The Old Man and the Seal People

harbor seal closeup

The following is a true story, at least many parts of it are true. Part of the truth (but only part!) is that seals really do sing, both underwater and in the air. I have heard them.

Most books about seals say nothing about their singing abilities. And I think scientists have been a little slow to accept the fact that seals sing beautiful tunes in the air. That is because the seals seem to be a little choosy about whom they sing to.

But scientists do now realize that seals also sing under water. These songs are not like the tunes in the story. They are more like the songs of whales. They seem to be a way of communicating with each other over long distances. They are sung by both male and female seals, and each song is unique to the seal who sings it. That means seals can use these songs to identify each other and to find each other in the dark water.

All of the music in the story comes from the seals themselves, and from the people who live on islands and coasts where there are many seals, people who know the seals very well.

The song the old man sings to the seals is called "The Seal Woman’s Sea Joy," and there are some who say that song came from the seals themselves long ago.

The seals’ response to the old man, which has no name I know, is a real seal tune. And the tune I begin with, that is a real seal tune too, and was recorded about 50 years ago on the island of Skomer, part of Wales.

My story is only one of many about the seal people, sometimes called Silkies, or Selkies. There are many stories told by the islanders about seals who live on the land as people; and often they help those who are kind to them. And sometimes they come to teach a lesson to those who are cruel to them. But often they are just going about their own business.

If you want to know more about the seal people, I can highly recommend two wonderful books:

The People of the Sea: A Journey in Search of the Seal Legend by David Thomson (Counterpoint, 2000) (view on Good Reads)

Tales of the Seal People: Scottish Folk Tales by Duncan Williamson (Interlink, 1992) (view on Good Reads)

And you are probably already aware of John Sayles' delightful movie, The Secret of Roan Inish (Wikipedia article), but perhaps you have never read the book it is based upon: Secret of the Ron Mor Skerry (view on Good Reads). The movie changes the setting from Scotland to Ireland and adds several of the stories collected by David Thomson to the stories told by Rosalie Fry in The Ron Mor Skerry. Roan Inish is remarkable as a movie because it is less sentimental and sappy than most children's movies involving aware and intelligent animals. If you've ever met a seal in the wild and been investigated by her at close hand, you will not find the stories of the seal people at all far fetched.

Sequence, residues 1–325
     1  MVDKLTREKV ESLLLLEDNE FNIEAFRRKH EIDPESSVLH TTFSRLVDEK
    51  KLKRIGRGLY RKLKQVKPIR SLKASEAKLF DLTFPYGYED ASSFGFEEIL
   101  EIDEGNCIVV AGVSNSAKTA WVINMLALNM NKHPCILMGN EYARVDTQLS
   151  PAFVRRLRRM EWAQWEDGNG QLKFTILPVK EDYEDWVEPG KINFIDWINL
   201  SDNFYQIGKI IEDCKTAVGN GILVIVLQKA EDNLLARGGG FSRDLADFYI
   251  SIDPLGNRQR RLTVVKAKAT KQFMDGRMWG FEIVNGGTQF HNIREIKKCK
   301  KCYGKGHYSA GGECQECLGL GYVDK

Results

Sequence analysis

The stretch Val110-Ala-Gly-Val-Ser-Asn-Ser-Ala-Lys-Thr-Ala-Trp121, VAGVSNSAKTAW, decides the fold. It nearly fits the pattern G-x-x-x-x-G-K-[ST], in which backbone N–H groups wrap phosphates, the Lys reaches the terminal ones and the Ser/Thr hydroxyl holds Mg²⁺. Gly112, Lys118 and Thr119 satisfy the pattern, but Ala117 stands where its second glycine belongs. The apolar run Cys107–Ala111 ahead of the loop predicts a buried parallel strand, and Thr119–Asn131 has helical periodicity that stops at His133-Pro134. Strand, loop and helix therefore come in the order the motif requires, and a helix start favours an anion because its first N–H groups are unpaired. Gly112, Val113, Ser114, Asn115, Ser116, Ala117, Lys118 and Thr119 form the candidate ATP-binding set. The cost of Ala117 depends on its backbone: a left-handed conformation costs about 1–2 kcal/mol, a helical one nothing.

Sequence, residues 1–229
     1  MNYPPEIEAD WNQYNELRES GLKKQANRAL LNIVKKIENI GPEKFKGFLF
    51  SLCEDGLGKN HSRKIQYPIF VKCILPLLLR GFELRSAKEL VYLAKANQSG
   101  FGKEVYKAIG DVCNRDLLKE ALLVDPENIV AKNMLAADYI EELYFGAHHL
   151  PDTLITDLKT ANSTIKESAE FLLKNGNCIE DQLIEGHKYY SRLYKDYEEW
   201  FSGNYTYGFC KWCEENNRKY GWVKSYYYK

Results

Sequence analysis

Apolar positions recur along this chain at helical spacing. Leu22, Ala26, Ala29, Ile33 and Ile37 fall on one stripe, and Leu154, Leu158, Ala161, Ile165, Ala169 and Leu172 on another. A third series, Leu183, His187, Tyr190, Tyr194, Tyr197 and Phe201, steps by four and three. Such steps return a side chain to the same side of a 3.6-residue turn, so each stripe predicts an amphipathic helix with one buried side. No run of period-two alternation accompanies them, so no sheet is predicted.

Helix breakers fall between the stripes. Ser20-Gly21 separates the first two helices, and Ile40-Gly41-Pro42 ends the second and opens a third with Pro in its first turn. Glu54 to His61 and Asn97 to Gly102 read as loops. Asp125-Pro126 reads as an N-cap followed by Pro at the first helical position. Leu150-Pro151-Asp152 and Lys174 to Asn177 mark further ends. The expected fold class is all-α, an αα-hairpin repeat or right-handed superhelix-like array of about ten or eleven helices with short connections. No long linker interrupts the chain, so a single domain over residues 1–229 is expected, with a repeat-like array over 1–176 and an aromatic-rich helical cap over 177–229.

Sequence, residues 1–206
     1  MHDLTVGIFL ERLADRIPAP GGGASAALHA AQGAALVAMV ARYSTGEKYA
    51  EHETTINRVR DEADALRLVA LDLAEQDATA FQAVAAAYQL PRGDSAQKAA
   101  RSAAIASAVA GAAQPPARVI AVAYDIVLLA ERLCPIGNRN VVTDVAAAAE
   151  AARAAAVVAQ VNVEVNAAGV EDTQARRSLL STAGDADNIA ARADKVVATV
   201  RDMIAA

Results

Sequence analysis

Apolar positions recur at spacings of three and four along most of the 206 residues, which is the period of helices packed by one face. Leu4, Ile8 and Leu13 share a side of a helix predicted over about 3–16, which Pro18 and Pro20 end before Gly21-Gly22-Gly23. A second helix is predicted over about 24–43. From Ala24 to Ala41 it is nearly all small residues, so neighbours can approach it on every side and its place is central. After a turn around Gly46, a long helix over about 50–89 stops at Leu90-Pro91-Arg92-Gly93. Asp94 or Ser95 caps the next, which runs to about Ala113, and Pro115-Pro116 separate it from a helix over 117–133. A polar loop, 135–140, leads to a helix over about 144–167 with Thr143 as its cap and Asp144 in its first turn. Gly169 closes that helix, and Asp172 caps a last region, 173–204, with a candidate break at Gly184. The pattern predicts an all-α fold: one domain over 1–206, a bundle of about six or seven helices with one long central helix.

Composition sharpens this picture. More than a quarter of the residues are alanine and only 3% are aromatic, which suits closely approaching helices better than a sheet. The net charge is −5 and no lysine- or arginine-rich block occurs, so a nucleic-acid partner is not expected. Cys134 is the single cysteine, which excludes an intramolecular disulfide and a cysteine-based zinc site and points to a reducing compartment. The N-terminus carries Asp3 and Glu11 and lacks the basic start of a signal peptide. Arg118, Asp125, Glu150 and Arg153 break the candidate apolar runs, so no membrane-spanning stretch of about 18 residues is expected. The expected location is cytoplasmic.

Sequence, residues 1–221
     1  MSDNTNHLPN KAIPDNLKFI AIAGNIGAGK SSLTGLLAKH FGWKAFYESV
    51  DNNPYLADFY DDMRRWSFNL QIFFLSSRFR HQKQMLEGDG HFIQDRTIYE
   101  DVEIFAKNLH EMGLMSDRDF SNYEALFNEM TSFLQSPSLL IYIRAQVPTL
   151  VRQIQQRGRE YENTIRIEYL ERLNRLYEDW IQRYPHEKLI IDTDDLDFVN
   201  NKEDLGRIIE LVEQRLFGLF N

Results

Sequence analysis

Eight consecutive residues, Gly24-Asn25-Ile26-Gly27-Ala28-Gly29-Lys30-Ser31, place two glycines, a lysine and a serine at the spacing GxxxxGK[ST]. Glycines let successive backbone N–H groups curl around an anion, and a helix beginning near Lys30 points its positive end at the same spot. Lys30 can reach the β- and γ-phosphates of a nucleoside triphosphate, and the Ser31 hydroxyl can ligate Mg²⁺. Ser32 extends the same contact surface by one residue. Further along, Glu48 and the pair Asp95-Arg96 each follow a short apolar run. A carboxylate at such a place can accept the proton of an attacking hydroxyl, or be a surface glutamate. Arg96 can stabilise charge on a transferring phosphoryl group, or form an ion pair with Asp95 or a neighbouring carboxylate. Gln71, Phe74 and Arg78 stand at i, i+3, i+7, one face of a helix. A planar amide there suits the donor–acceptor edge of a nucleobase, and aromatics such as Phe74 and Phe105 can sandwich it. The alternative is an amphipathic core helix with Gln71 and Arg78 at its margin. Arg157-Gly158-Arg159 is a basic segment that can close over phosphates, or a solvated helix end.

And whether these stories are always true, or whether they are sometimes made up to pass the time and entertain, I do not know. But that there is a deep truth buried in these stories, of that I am certain beyond any shadow of a doubt.



The Old Man and the Seal People

[Click to hear Grey Seal song from Skomer Island]

Once there was an old man who lived on an island, in a small cottage by the sea. The cottage overlooked a small cove, where seals lived, and at low tide the seals would haul themselves out of the water and sleep on the rocks, basking in the sun.

And every day after tending his garden, the old man would walk down to the pebbly beach and he would watch the seals playing in the surf or lying on the rocks.

Now, although this man loved his home, and he loved his garden, and he loved the sea; he was a little sad sometimes because he was lonely. He had no family, and although the other islanders were good, hard-working people, they were all a rather private sort and mostly kept to themselves.

So one day the old man harvested his best vegetables and took them to the farmer’s market in the village as he did every week. For this was how he made his modest living.

But on this day he hardly sold anything. And he felt very dejected. And toward the end of the day, when his vegetables were looking a little wilted, a tourist visitor came to his stall and looked at his vegetables and said,

"Are these supposed to be organic vegetables?"